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Creating brand’s cultural relevance through contradictions
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Why creative briefing doesn't work
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Accidental brilliance? Looking at #Dhara Jalebi 20 years later
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The clash of Indian masculinities
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Is the future of big brand ideas dark?
(Posted 5th September 2017)
Isn’t it time the hotel industry borrowed a trick from Airbnb?
(Posted 29th July 2018)
A different kind of a hero
(Posted 8th March 2017)
Gol gappas or gold medals? Which side of #Dangal are you on?
(Posted 1st January 2017)
Strategic importance of vulnerability
(Posted 28th June 2016)
Anushka’s trolling comes from innate cultural belief
(Posted 15th May 2016)
Goose pimple stuff: All time awesome campaigns in India – I
(Posted 15th May 2016)
Well played sir!: All time awesome campaigns in India – II
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Mobiles, mobility and the importance of guilt
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(Posted 12th February 2014)
Return of the angry young man
(Posted 4th January 2015)
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(Posted 18th December 2014)
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Are we falling in love with Samsung`s geeky authenticity over Apple`s hype?
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Is your brand missing in your brand’s social media strategy?
(Posted 15th April 2014)
Brand rejuvenation: is your brand trapped?
(Posted 27th March 2014)
Aren’t the new age brands being outdated in their brand thinking?
(Posted 12th February 2014)
Why brand managers should spend more time on jokes and cartoons…
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Why the cricket team’s loss bothers the parent in us
(22nd January 2012)
Shallow shlacking: why Hindu’s campaign gets the buzz
(Posted 1st February 2012)
Shall we stop targeting our audience now
(5th February 2012)
How do you sleep at night?
(17th June 2012)
Is there a problem in your insight?
(25th January 2012)

Strategic importance of vulnerability


Strategic importance of vulnerability

Almost a decade ago, I was working on communication idea for a mid-premium formal shirt brand. We had agreed the brand would broadly operate in the ‘confidence’ space and needed a more specific, ownable perspective on it. We met our target audience and got them talking about their confidence stories, looking for insights.

There was an interesting pattern that seemed to emerge. The best stories almost always referred to moments of nervousness, self-doubt. Overcoming daunting, tough odds is what made for sweet success stories for people. It appeared to me that in the world of plasticky confidence portrayed by most apparel brands, a brand acknowledging nervousness would strike a chord. ‘Confidence is not the absence of self-doubt, but about overcoming it’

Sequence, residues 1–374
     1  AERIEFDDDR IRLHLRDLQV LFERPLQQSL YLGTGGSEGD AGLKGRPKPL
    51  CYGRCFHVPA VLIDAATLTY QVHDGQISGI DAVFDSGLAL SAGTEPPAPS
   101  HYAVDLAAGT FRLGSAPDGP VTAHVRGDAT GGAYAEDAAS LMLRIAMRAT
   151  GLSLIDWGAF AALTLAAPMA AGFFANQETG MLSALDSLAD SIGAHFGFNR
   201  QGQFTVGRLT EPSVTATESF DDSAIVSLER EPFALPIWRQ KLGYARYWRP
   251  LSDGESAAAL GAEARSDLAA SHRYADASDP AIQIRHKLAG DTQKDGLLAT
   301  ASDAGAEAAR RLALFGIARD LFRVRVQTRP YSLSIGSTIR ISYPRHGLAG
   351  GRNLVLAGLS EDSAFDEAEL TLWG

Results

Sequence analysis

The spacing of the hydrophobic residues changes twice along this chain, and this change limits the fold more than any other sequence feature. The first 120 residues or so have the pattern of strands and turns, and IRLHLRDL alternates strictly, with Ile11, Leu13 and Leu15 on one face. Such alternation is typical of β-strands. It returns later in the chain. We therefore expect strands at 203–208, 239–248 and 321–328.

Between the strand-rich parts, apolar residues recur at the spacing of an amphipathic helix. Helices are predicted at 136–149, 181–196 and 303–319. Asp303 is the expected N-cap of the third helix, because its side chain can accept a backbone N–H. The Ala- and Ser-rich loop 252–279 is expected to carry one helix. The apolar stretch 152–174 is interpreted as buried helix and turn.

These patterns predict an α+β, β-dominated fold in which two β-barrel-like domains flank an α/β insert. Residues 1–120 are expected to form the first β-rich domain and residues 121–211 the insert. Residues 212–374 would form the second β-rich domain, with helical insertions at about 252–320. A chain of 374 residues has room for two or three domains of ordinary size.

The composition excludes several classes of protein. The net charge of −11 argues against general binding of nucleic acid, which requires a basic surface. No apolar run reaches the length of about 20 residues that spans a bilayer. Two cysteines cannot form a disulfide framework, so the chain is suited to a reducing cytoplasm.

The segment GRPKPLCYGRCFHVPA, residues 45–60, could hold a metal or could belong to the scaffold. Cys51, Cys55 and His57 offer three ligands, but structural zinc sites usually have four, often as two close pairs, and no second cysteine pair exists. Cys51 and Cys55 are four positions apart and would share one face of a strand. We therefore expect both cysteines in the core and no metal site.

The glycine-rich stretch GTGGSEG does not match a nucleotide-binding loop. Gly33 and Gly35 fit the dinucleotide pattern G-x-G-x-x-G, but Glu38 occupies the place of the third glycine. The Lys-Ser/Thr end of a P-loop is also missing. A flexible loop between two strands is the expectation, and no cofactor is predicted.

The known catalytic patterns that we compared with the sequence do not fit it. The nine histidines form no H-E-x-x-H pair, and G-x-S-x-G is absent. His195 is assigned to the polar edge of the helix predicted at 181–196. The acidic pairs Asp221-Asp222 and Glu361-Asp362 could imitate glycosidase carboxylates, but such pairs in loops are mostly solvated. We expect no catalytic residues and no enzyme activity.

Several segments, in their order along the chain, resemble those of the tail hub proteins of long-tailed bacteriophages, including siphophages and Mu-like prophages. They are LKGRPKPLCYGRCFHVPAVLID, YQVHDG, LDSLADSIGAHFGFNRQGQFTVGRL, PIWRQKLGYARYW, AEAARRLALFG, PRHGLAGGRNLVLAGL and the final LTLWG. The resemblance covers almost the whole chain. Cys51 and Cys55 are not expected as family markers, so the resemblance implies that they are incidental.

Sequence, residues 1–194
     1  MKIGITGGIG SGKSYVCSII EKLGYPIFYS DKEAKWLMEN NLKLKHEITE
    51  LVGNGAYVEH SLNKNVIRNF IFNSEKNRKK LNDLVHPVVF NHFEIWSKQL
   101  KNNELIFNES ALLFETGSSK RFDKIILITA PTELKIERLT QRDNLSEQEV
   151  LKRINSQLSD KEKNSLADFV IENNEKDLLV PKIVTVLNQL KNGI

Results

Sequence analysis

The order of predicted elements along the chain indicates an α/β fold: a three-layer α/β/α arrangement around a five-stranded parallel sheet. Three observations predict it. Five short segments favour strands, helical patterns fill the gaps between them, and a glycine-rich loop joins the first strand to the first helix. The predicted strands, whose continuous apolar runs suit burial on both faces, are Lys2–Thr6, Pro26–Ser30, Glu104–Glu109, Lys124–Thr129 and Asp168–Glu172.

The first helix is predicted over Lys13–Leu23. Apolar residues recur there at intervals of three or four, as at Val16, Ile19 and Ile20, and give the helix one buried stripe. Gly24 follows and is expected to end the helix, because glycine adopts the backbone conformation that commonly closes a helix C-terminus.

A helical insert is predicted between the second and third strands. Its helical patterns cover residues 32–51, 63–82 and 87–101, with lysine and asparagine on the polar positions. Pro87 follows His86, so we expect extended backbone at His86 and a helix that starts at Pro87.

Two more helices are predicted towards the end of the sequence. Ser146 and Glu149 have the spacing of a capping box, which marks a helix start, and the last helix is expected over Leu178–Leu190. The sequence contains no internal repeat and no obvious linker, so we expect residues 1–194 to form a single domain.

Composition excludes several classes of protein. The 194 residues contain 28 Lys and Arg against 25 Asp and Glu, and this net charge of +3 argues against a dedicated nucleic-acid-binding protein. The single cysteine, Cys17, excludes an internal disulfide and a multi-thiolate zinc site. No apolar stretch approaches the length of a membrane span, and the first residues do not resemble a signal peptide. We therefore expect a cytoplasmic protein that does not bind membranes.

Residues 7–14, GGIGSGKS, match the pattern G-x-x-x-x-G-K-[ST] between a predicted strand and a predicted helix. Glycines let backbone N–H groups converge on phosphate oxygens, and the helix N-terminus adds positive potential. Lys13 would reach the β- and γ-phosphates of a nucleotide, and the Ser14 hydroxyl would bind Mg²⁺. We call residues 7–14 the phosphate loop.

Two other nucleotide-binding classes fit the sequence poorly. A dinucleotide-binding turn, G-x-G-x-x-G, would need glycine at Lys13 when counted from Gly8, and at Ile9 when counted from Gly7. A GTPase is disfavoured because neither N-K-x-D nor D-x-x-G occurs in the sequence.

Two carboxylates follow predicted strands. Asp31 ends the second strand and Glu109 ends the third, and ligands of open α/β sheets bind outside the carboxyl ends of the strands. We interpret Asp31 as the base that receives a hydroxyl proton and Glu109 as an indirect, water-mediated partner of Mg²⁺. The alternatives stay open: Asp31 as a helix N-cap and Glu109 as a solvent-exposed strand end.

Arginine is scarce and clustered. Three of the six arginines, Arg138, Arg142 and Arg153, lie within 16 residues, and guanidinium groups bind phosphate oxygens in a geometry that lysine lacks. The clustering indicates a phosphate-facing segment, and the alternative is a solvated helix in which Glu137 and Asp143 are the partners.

We presented the idea with much passion, only to be shot down. Today’s brash, cocky youth did not seem to experience nervousness to our client, so they felt it would not resonate with them.


It was an idea I had much conviction in and so I nursed my wounds, looking for validation all around, till about five years later, Mountain Dew’s Darr ke aagey jeet hai and ICICI’c Hum hain na redeemed it.

Over time, the importance of identifying the vulnerability has become central to our approach to working on insights. However, one tricky challenge crops up each time. Does the brand’s story telling acknowledge and portray the vulnerability? Or does it simply solve it, keeping the vulnerability as a back end understanding between the brand and its audience?

In most cases, we have not had the stomach to deal with the former (honest confession) and so have struck to the safer, latter option. Deep down, one has almost always felt, far greater possibilities lay in the trickier, but bolder approach of looking at the vulnerability in the eye.

On reflection, the reasons are evident. Whether you mask your vulnerability and present a near perfect façade, or you let your guard down is a clear indicator of the quality of your relationship with someone. Sharing a vulnerable moment is not merely a sign of deep relationship, but often the catalyst for building one.

It is in this context that the another interesting idea was mooted a few years back. Of brands expressing their own vulnerability to the consumer, rather than present the perfect world devoid of any chinks. This has been best utilised by celebrity brands, Kangana Ranaut and Alai Bhat in recent times being best examples of leveraging vulnerabilities.

Stories of some brands sometimes deliberately slipping up and then overcompensating to make for interesting stories also do the rounds every now and then. Vulnerability can be strategic.

This is what makes Airtel’s new campaign (Airtel open network) interesting. One is glad they acknowledged the growing clamour of call drops and poor network rather than brazenly continue with their best network campaign. Endearing as it was, in light of the mounting customer impatience with poor experience, it threatened to be insensitive.

Have you had a look at your brand and consumer connection? What opportunities in expressing vulnerabilities have you been exploring?